Folder content request redirect to root or specified URL

Running WordPress web sites, some stand –alone others multi-site.

Goal: Any request for files in a folder directly by their URL be redirected to root or specified URL. If requests for those same files come from a link or a call via WordPress within the domain allow it.

Since WordPress uses rewrite rules in root, I am concerned that using rewrite rules in htaccess files in subfolders may cause issues with WordPress. Hence, my thought to redirect back to root thinking that the rewrite rules there will over ride previous rules from a subfolder. However, this may not be an issue since my goal is for requests that do not go through root, that is, through WordPress be redirected.

And, I’m really weak on htaccess use. I assume that an htaccess file in root can set up rules between the server and the visitor, and these are the rules to abide by while communicating with the server until another set of rules come into play via another htaccess file with new instructions or conditions. Then these new rules remain intact until changed once again. Is this assumption correct? Or does a new htaccess add to, rather than replace the previous set of rules?


Welcome to SitePoint!

The rule for .htaccess files is that they are accessed and parsed in order of the path of the request, i.e., the DocumentRoot’s .htaccess is acted upon first, then the next directory’s .htaccess until the file is served.

What you described told me a few things:

  1. WP will pass any request to an existing file or directory without redirecting to its index.php (request handler).

  2. There is something wrong with your subdirectory’s .htaccess if it’s looping back to the DocumentRoot. It does not replace the DocumentRoot’s .htaccess but only adds to it … within its directory!

More information gets a better answer (i.e., what’s wrong with the subdirectory’s .htaccess logic).



Well, there is no htaccess in the folders of concern - yet. WP will deliver up page content when called by itself, such as images, PDF, Doc, etc. And, the same content can be accessed and called by a direct link without having to even visit root, and it is this I want to prevent, but also if such a direct request is made, redirect to root which will cause the WP home page to come up. (or perhaps instead of root, the WP log in page).

My inquiry is figure out “how to” create a htaccess file with the proper content to accomplish this before going on a long trial and error process. And I am concerned that having such a htaccess file in a sub-folder causing a redirect to root that it would conflict with the root’s htaccess file. Root htaccess file has rewrite rules and conditions, and I assume that to accomplish what I looking for would also require the sub-folder haccess file to contain rewrite rules and conditions.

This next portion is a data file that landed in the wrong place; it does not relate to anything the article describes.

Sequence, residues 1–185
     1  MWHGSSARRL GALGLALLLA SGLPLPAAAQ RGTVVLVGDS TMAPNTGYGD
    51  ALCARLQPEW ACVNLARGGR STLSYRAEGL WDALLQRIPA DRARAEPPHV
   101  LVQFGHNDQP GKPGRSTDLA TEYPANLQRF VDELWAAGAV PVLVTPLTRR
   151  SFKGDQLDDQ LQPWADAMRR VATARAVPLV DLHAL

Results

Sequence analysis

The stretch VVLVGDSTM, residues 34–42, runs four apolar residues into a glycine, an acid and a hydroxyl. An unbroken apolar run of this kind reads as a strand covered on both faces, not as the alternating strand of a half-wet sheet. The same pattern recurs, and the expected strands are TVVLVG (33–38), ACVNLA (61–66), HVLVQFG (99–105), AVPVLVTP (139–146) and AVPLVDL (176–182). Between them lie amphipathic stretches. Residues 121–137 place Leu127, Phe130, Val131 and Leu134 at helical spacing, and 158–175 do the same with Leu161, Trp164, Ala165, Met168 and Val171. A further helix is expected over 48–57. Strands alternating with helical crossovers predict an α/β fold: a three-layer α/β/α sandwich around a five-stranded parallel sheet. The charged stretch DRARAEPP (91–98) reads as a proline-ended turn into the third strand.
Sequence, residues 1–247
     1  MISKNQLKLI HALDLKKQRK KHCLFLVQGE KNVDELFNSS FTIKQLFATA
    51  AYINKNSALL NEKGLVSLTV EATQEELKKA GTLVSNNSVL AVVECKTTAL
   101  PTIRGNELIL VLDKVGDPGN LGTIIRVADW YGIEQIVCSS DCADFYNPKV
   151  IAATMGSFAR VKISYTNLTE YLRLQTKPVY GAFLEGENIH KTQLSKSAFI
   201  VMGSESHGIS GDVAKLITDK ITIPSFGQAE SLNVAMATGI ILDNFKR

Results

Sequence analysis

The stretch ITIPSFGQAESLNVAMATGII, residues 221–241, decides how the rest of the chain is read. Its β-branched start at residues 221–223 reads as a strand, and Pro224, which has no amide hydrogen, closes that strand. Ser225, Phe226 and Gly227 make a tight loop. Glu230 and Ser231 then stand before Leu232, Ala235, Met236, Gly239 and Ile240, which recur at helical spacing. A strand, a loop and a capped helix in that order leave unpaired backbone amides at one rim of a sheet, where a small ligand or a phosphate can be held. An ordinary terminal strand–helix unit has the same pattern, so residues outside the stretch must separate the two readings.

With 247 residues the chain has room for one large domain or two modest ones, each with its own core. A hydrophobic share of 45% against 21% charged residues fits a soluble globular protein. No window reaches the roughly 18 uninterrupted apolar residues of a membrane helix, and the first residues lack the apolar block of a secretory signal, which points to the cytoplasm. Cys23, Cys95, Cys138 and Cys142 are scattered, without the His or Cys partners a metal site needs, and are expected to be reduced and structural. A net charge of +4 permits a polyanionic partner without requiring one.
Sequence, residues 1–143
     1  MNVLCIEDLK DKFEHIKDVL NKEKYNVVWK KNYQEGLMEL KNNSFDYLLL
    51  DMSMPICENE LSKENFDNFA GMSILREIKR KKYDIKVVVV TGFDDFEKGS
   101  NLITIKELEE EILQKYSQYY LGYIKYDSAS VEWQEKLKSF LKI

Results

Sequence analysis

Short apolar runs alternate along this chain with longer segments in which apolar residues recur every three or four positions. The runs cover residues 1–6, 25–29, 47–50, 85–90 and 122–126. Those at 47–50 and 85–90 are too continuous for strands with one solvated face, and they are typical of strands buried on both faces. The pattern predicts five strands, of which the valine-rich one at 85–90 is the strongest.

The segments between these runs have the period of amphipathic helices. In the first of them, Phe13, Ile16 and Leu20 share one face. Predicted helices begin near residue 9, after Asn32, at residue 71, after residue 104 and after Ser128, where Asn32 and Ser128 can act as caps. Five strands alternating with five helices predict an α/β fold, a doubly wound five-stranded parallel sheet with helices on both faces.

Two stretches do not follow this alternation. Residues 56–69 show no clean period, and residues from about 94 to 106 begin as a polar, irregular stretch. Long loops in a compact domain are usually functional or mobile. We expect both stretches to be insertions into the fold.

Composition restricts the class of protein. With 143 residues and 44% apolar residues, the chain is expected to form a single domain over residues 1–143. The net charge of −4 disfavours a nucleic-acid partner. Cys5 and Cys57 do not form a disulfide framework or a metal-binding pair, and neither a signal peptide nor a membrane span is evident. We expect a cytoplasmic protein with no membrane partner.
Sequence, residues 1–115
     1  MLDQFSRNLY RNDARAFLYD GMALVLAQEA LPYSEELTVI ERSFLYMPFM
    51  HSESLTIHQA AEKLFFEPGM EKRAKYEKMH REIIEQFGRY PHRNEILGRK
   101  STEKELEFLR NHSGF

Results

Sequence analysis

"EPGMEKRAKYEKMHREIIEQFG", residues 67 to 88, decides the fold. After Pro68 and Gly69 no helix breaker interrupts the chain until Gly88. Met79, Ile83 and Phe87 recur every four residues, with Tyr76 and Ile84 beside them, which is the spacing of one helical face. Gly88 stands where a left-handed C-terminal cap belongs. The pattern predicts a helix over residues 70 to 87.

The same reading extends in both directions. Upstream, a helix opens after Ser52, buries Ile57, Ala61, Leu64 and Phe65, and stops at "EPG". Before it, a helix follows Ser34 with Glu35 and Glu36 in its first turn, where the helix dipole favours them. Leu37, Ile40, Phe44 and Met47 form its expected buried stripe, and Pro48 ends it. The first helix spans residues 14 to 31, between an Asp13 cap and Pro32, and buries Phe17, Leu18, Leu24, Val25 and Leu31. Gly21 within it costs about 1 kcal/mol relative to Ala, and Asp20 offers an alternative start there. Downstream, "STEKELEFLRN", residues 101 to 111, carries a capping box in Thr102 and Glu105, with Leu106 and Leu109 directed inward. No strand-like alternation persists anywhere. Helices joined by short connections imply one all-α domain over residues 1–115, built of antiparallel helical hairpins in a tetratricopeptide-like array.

I suppose I could just cause any request to the sub-folder to be disallowed via a htaccess file, but it is the redirect I’m looking for.

It actually goes in the opposite direction.


In the directory /www/htdocs/example1 we have a .htaccess file containing the following:

Options +ExecCGI

In the directory /www/htdocs/example1/example2 we have a .htaccess file containing:

Options Includes

Because of this second .htaccess file, in the directory /www/htdocs/example1/example2, CGI execution is not permitted, as only Options Includes is in effect, which completely overrides any earlier setting that may have been in place.

Indeed, it will cause an issue. For any request to that subfolder, none the rewrite rules from the root will run.

The simplest solution is to keep all your rewrites in the same root htaccess file.

# Any request for files in a folder be redirected to root or specified URL
RewriteRule ^your/special/folder/ /specified/url [R,L]

This is what I was concerned with, and your answer makes sense.

The simplest solution is to keep all your rewrites in the same root htaccess file.

# Any request for files in a folder be redirected to root or specified URL
RewriteRule ^your/special/folder/ /specified/url [R,L]

OK. But wouldn’t this prevent WP from accessing ^your/special/folder/ as well?

Here is the content of htaccess in root:

# BEGIN s2Member GZIP exclusions
<IfModule mod_rewrite.c>
	RewriteEngine On
	RewriteBase /
	RewriteCond %{QUERY_STRING} (^|\\?|&)s2member_file_download\\=.+ [OR]
	RewriteCond %{QUERY_STRING} (^|\\?|&)no-gzip\\=1
	RewriteRule .* - [E=no-gzip:1]
# END s2Member GZIP exclusions

# BEGIN WordPress
RewriteEngine On
RewriteBase /
RewriteRule ^index\\.php$ - [L]

# add a trailing slash to /wp-admin
RewriteRule ^wp-admin$ wp-admin/ [R=301,L]

RewriteCond %{REQUEST_FILENAME} -f [OR]
RewriteCond %{REQUEST_FILENAME} -d
RewriteRule ^ - [L]
RewriteRule ^(wp-(content|admin|includes).*) $1 [L]
RewriteRule ^(.*\\.php)$ $1 [L]
RewriteRule . index.php [L]

# END WordPress

And this is the folder I want to be inaccessible except by WP itself:


Ahh, yes. I forgot about the second half of your goal, that the request should be allowed if the user came from a link on your site. For that, we’ll check the referrer.

# If this request did not come from your site
RewriteCond %{HTTP_REFERER} !^[^:]+://
# Then redirect any request for files in a folder be redirected to root or specified URL
RewriteRule ^your/special/folder/ /specified/url [R,L]

FYI, though, that the referrer can be spoofed.